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Thulium,  69Tm
A piece of thulium metal from IrC's collection.
General properties
Name, symbol Thulium, Tm
Appearance Silvery-gray
Thulium in the periodic table


Atomic number 69
Standard atomic weight (Ar) 168.93422(2)
Group, block , f-block
Period period 6
Electron configuration [Xe] 4f13 6s2
per shell
2, 8, 18, 31, 8, 2
Physical properties
Phase Solid
Melting point 1818 K ​(1545 °C, ​​2813 °F)
Boiling point 2223 K ​(1950 °C, ​​3542 °F)
Density near r.t. 9.32 g/cm3
when liquid, at  8.56 g/cm3
Heat of fusion 16.84 kJ/mol
Heat of 191 kJ/mol
Molar heat capacity 27.03 J/(mol·K)
Atomic properties
Oxidation states 2, 3 ​(a basic oxide)
Electronegativity Pauling scale: 1.25
energies 1st: 596.7 kJ/mol
2nd: 1160 kJ/mol
3rd: 2285 kJ/mol
Atomic radius empirical: 176 pm
Covalent radius 190±10 pm
Crystal structure ​​hexagonal close-packed (hcp)
Thermal expansion 13.3 µm/(m·K) (poly)
Thermal conductivity 16.9 W/(m·K)
Electrical resistivity 676 Ω·m (at 20 °C) (poly)
Magnetic ordering paramagnetic (300 K)
Young's modulus 74 GPa
Shear modulus 30.5 GPa
Bulk modulus 44.5 GPa
Poisson ratio 0.213
Vickers hardness 470–650 MPa
Brinell hardness 470–900 MPa
CAS Registry Number 7440-30-4
Naming after Thule, a mythical region in Scandinavia
Discovery and first isolation Per Teodor Cleve (1879)
· references

Thulium is a lanthanide with the symbol Tm and the atomic number 69. Thulium is the second-least abundant of the lanthanides, after radioactively unstable promethium which is only found in trace quantities on Earth.

It is often considered by many chemists a useless element, because it's rare and expensive, and the other more available lanthanides have similar physical and chemical properties.



Thulium metal is a reducing agent and is reactive towards acids and oxidizers. Most ionic thulium compounds are soluble except for the fluoride and the nitrate.

Thulium tarnishes slowly in air and burns readily at 150 °C to form thulium(III) oxide:

4 Tm + 3 O2 → 2 Tm2O3

Thulium reacts slowly with cold water and quite quickly with hot water to form thulium hydroxide:

2 Tm + 6 H2O → 2 Tm(OH)3 + 3 H2

Thulium reacts with all the halogens. Reactions are slow at room temperature, but are vigorous above 200 °C:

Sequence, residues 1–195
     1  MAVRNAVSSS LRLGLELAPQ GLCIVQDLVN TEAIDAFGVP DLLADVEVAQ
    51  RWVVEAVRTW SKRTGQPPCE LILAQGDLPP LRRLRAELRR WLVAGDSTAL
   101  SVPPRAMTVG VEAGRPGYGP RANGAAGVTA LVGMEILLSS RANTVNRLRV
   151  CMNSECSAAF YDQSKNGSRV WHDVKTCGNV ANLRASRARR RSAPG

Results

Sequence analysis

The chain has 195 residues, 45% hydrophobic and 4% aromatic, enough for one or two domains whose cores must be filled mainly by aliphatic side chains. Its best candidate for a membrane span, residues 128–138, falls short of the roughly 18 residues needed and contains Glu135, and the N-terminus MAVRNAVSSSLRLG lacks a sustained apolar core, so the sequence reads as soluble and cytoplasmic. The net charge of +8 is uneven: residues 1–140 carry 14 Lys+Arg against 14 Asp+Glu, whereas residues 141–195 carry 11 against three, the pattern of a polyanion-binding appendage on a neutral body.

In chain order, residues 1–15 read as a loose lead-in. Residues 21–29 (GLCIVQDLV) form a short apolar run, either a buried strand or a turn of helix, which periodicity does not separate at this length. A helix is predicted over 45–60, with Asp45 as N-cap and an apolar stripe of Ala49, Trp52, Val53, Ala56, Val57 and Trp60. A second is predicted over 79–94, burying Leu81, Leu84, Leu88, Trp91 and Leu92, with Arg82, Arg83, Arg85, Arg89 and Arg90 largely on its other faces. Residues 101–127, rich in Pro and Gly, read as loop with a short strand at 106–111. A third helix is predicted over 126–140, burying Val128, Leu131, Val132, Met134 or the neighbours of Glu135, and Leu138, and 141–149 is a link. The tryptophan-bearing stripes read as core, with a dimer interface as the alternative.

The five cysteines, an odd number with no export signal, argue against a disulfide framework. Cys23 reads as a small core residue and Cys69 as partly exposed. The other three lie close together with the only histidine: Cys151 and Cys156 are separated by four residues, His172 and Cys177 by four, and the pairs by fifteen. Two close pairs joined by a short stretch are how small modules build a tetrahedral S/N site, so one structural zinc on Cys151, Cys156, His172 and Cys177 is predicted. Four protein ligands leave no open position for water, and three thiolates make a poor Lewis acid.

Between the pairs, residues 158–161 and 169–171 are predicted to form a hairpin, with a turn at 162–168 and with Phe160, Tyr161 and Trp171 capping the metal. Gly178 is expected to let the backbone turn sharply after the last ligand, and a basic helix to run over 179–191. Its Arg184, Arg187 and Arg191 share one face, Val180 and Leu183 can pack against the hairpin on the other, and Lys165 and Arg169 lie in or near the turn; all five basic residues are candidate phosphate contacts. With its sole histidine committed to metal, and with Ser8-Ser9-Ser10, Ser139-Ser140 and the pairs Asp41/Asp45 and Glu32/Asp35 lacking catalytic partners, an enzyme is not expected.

2 Tm + 3 X2 → 2 TmX3


Thulium metal has a bright, silvery luster. It slowly tarnishes in air and reacts with water. The metal is soft enough to be cut with a knife. Solutions containing thulium(II) ions often present a wine red coloration. Thulium(III) ions may fluoresce blue under shortwave UV light, though this has not been confirmed.


Thulium is more common than iodine on Earth, but it is hard to find and extremely expensive. One source for thulium, as well as other rare earth metals, is Metallium. It is sold in 1 gram, 5 gram and 25 gram sizes, as well as rods, ampoules, and coins. Metallium also takes custom orders. Thulium and its compounds may be occasionally found on eBay. Because the Tm(III) ion color is hard to distinguish from other ions, other lanthanides or metals in general may be sold as thulium. This is a common problem with lanthanides, and online sellers.

Occasionally you can find sellers on eBay, like this one.


  • Blue fluorescence (used in Euro banknotes)
  • Make ferrite ceramic materials
  • Special solid-state lasers



Thulium has not been observed to have a biological role, but small amounts of soluble thulium salts stimulate metabolism. Soluble thulium salts are mildly toxic, but insoluble thulium salts are completely nontoxic.


Thullium should be stored in closed bottles, and kept away from moisture and any corrosive vapors, such as acids.


Best to try to recycle it, as it's a rare and expensive material.


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